Many packing plants in an industry at 10% to 15% excess capacity have tried to increase efficiency by increasing the upper limit on HCW and decreased discounts for those just over the line.
In response, the feeding industry more broadly adopted the use of beta-agonists. Those may decrease marbling scores, Stika said, but the best way to mitigate their negative impacts is to feed cattle longer.
"How are we going to take these cattle once they've hit the plant and add value, or remove the discount that's associated with them today?" he asked.
The industry has already made some adjustments on everything from how many pieces of meat go in a box to cutting methods.
"Retail doesn't use a lot of forklifts and is heavily dominated by unionized labor, so there are certain limits in terms of what those boxes can weigh," Stika said.
Labor challenges are also part of the problem at foodservice where 75% of restaurants still cut their own steaks, but there's a developing trend toward breaking down some popular subprimals to smaller cuts.
"You've got some different options that are starting to catch on very nicely at foodservice, but it's not the end-all and be-all," Stika said. "You have higher production costs and lower product yield."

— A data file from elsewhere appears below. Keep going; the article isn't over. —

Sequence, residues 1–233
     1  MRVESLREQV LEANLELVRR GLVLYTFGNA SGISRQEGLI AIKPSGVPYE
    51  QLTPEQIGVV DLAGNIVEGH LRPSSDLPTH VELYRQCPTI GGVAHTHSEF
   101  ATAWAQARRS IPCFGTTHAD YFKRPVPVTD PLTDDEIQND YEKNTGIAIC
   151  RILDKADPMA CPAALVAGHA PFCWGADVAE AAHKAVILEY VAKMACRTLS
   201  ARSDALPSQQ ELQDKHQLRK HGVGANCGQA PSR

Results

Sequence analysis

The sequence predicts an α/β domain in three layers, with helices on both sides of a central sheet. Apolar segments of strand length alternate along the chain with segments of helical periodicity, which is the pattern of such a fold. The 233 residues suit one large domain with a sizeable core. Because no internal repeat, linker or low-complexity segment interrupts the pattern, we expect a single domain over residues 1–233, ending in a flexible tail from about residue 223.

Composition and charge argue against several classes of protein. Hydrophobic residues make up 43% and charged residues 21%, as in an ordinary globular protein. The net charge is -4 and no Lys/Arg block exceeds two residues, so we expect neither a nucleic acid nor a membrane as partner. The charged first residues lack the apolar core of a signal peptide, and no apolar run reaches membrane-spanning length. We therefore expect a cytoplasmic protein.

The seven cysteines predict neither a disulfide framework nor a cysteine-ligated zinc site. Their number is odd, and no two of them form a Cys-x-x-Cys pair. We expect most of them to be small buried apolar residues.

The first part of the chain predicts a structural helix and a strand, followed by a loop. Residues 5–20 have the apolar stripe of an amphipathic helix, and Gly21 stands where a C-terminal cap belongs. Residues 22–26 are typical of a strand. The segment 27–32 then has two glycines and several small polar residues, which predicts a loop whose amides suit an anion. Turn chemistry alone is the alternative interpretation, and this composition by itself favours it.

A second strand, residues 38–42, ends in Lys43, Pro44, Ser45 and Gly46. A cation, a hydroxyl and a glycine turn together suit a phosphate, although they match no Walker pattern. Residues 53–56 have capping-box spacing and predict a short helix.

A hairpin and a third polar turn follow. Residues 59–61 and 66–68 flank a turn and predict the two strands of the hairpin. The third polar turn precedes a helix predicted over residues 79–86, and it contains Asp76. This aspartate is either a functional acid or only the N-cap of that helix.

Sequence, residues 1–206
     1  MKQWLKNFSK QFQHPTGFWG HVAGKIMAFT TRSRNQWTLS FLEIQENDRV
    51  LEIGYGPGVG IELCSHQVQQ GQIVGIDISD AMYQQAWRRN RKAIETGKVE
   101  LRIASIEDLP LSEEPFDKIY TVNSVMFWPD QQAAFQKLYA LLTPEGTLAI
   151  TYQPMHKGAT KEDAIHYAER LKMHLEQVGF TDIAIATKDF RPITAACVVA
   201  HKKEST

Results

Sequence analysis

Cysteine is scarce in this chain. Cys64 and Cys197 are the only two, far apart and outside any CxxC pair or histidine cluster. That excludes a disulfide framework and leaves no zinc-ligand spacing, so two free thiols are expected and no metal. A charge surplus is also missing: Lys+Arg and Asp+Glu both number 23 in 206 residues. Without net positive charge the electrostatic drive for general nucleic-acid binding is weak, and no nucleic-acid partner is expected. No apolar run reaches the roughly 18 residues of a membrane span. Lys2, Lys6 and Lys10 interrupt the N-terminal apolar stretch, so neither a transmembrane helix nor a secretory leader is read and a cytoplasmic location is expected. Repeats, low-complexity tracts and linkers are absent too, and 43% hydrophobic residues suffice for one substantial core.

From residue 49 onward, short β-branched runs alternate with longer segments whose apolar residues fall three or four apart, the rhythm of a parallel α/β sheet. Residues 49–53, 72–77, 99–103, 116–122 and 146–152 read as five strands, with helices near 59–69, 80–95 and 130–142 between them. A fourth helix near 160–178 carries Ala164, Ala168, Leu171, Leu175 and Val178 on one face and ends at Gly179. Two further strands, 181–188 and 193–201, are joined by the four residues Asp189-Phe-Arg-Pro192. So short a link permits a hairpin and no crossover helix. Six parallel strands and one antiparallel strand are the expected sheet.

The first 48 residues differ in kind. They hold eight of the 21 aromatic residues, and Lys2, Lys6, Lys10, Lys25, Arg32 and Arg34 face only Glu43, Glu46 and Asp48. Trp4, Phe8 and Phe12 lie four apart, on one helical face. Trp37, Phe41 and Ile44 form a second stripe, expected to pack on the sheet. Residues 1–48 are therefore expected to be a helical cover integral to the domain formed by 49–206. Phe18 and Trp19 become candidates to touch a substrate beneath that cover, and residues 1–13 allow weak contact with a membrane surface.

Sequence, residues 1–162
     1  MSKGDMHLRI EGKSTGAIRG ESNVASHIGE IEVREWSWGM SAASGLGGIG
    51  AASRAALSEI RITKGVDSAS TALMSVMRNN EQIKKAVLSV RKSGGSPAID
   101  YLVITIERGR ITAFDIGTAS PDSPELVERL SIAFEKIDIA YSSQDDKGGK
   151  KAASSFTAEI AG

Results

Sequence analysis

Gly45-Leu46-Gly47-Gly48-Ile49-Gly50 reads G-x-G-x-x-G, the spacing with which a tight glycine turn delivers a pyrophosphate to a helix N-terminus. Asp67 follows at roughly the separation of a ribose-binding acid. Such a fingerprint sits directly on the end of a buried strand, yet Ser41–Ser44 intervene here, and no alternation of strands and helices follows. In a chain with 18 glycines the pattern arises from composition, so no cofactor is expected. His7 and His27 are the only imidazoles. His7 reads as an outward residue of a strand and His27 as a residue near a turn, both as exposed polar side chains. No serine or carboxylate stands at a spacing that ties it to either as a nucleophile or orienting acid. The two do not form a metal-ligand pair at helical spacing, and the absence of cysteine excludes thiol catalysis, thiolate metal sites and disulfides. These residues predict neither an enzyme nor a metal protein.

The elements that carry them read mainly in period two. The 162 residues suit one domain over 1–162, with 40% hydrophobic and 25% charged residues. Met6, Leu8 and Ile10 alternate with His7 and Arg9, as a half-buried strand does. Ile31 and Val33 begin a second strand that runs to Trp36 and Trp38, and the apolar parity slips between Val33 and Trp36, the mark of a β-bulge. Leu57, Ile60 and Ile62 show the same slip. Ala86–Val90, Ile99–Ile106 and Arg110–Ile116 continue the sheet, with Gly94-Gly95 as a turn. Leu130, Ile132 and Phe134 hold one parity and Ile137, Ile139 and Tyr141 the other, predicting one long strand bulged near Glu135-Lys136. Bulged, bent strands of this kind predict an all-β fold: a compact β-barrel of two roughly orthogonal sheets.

Down the road, packing plants are looking at more ways to reduce variation.
"How do we make sure the smallest rib that we have is not in the same box with the heaviest rib?" Stika asked. That's one common break in boxed beef already, between the largest ribeye areas and the smallest. But it's not just about the middle meats, he said, and the range in product difference continues to grow as carcasses do. Plant logistics and inventory management are the biggest hurdles to implementation.
So are increasing carcass weights an opportunity or a challenging issue?
"The answer is, it's reality," Stika said, "and probably a little of both. It's allowed us to maintain beef production levels with fewer numbers, but the issues we have are real. If we want to continue to drive beef demand forward, we've got to continue to provide more value to our consumer if we're going to expect them to pay more for it."
Source: Certified Angus Beef